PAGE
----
~ A DriveWays Review ~
by Frank A. Aukofer

Anyone who knows anything about the art of automobile design understands that it involves tradeoffs. A prime current example is the redesigned 2023 BMW M2 Coupe, a blistering performance machine that has one prominent drawback.

This is an exciting, tightly wound, rear-drive, four-passenger two-door with front seats that would do justice to any race car. They are lightweight, cosseting and completely supportive for spirited driving under any conditions. But they also are booby trapped. 

There are large bolsters on the front seat bottoms and backs, supplemented by separate thigh grooves in the seating area, presumably to keep the legs apart so the feet are positioned to align with the brake and clutch pedals, as well as the accelerator pedal.

There’s the rub. The sleek M2 has a low roofline, so the driver must twist and duck to get inside. The sharply angled left bolster, like the others, sticks up more than five inches from the seat bottom so the driver, while ducking and trying to avoid whacking the steering wheel, must maneuver his posterior over the bolster, perhaps inviting castration or at least some discomfort.

The standard transmission is a six-speed manual that invites the time-honored technique of so-called heel-and-toe shifting, wherein the driver blips the gas while also braking, both with the right foot, to match the engine revolutions when using the left foot on the clutch to downshift for more power. However, the M2 also offers automatic rev matching so newcomers don’t have to learn the technique. There’s also an optional eight-speed automatic transmission.

The chief enabler of the M2’s slick heel-and-toe capability is clutch action that absorbs miscues by the driver. If a klutz pops the clutch on most stick shift cars, the quick grab usually noisily kills the engine, whereas on the M2 there’s a buffer built in to ease the transition.

Once inside and settled, the driver gets treated to what BMW owners have experienced ever since the two-door 1600 made its debut in the United States as a 1967 model. It was all about performance and handling, and a suspension system that easily absorbed a romp over railroad tracks at 100 miles an hour—as this reviewer and former owner can testify.

The 1600, also dubbed the 1602, didn’t last because the U.S. government mandated pollution controls in 1968, so the Bavarian Motor Works substituted a two-liter four-banger for the 1.6-liter and dubbed it the BMW 2002, which became famous. But all it really did was keep up with the un-strangled 1600.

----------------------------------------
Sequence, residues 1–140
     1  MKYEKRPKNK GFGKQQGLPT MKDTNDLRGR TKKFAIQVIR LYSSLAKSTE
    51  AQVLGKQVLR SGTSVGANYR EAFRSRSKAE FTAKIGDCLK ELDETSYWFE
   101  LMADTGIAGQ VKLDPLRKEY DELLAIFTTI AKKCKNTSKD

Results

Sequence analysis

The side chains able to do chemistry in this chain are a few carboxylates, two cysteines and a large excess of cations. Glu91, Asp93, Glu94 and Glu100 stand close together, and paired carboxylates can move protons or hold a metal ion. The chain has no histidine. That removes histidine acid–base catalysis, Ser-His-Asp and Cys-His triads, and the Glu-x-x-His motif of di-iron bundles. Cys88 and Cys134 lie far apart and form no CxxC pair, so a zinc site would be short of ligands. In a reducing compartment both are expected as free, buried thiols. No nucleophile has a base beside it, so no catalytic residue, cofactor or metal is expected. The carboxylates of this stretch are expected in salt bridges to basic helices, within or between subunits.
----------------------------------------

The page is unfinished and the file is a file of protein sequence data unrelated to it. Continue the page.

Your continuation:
Of course after 56 years, the subject here, the M2, is way more sophisticated and desirable for enthusiasts, and it also is more expensive. The reviewer’s 1967 1600 cost $2,850, a decent sum in those days. In 2023, the equivalent in purchasing power, thanks to inflation, comes to $25,710.

So the tested M2, with its base price of $63,995, including the destination charge, and its tested price with options of $75,995, looks as if it comes from the lap of luxury, way over the current average price of an automobile in the U.S. of about $48,000.

A 453-horsepower, 3.0-liter, turbocharged in-line six-cylinder engine that delivers 406 pound-feet of torque powers the M2. It is 15 feet long with 85 cubic feet of space for the driver and passengers, and a well-finished trunk of slightly more than 14 cubic feet. Its total interior volume of 99 cubic feet puts it at the top of the EPA’s subcompact class, defined as 85 to 99 cubic feet.

It has the usual downside of any coupe, though BMW took steps to minimize it. The front passenger seat motors forward at the pull of a strap to allow access to the back seat. But there are no overhead grab handles to help out, so it should be reserved for teens or athletic adults. Once in back, there’s enough head and knee room for average sized adults as long as the driver and front passenger don’t run their seats back too far.

There’s large center touch screen nearly at eye level to augment the comprehensive instruments, which include digital readouts of information like speed and engine rpms.

All M2s come with fundamental driver-assistance features, including automatic emergency braking, adaptive cruise control and lane keeping assist.

The M2 features five separate drive modes. Three that can be accessed with a button on the console activate Road, Sport and Track settings, and two red buttons on the steering wheel, labeled M1 and M2, can be configured to suit the owner’s preferences.


  • Model: 2023 BMW M2 Coupe two-door.
  • Engine: 3.0-liter in-line six cylinder, turbocharged: 453 hp, 406 lb-ft torque.
  • Transmission: Six-speed manual with rear-wheel drive.
  • Overall length: 15 feet.
  • EPA/SAE passenger/trunk volume: 85/14 cubic feet.
  • Weight: 3,800 pounds.
  • EPA city/highway/combined fuel consumption: 16/24/19 mpg.
  • Base price, including destination charge: $63,995.
  • Price as tested: $75,995.

Disclaimer: The manufacturer provided the vehicle used to conduct this test drive and review. Photos ©BMW